Protests were sparked after the main opposition candidate said fraud had taken place during the election. Mr Ortega and his governing Sandinista party won with an official result of nearly 63% of the vote. European Union (EU) election observers were unable to endorse the process as impartial and transparent, but the head of the EU mission confirmed “there is no doubt Mr Ortega and the Sandinistas won the elections”.
Outside observers may have expressed concerns about the democratic process and the legality of Mr Ortega’s candidacy (after a ban on serving two non-consecutive terms in the top office was overturned), but many Nicaraguans responded to Mr Ortega’s positive election campaign, with its adoption of themes such as love, wellbeing, peace, Christian belief and solidarity. Polling before the election showed Mr Ortega’s messages were proving popular among independent voters, who account for around a quarter of the electorate.
His win also reflects a new confidence in the Sandinista government. When Mr Ortega returned to power five years ago, according to ‘The Economist’, inflation was running at 30,000% and Nicaragua was the poorest country on the American mainland. While it still remains the poorest, over the last five years the economy has grown creditably. In 2010, the country boasted the fastest growth in Central America after Panama. Exports have doubled and the country has actually benefitted from rising global food prices because food products make up a significant portion of its exports. And foreign direct investment has increased fivefold under Mr Ortega, thanks to tax breaks and business-friendly regulations introduced by his government. The World Bank currently rates Nicaragua as the Central American country which best protects investor’s rights.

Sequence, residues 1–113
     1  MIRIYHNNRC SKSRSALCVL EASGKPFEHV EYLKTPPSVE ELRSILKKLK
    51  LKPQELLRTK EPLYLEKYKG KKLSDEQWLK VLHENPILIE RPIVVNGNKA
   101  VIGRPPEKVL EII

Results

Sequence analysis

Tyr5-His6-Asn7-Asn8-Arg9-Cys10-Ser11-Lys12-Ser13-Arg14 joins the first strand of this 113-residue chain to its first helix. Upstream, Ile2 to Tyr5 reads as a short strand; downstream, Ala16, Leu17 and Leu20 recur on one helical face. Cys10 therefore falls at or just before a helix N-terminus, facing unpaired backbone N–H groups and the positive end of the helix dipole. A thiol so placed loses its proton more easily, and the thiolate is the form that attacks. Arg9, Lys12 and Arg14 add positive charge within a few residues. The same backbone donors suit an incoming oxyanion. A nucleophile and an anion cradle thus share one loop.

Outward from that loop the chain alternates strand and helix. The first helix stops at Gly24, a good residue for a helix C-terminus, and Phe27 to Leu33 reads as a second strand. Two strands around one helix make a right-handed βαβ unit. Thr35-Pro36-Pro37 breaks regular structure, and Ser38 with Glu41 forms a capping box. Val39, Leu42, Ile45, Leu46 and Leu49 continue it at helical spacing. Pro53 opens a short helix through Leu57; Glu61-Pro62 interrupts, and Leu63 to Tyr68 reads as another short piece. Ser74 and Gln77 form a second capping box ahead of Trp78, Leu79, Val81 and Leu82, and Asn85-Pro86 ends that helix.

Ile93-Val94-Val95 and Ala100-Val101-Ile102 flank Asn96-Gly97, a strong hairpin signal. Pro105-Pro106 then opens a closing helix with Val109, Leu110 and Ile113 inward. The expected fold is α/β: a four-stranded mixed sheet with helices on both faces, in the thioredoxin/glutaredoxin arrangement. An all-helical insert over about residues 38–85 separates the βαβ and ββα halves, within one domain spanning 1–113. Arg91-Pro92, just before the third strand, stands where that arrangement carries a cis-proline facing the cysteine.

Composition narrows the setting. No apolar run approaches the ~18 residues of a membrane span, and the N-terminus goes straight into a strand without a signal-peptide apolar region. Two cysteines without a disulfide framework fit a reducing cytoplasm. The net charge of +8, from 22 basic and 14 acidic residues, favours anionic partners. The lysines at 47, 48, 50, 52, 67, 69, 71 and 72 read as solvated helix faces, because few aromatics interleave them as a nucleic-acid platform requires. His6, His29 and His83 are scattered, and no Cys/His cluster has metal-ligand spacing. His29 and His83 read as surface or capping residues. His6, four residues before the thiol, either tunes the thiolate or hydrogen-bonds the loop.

Such business-friendly policies may seem at odds with the Sandinista party’s communist background and its socialist principles. But in a BBC article, the president’s economic adviser, Bayardo Arce, was reported as saying that the party’s experience of power in the 1980s taught them “you can’t achieve social justice or eradicate poverty by distributing what we have”. Instead, Mr Arce said Nicaragua had to “generate new wealth for social justice” which would “benefit more people”.
Poverty has been falling in Nicaragua. And with money made from special access to Venezuelan oil, the government has helped fund social programmes such as “Zero Hunger”, which provides poor families with livestock. Subsidies have also been introduced for transport and electricity, where access has risen from 55% four years ago to 70%. It is therefore little wonder that Mr Ortega is proving popular with many of his countrymen, who call him the “president of the poor”.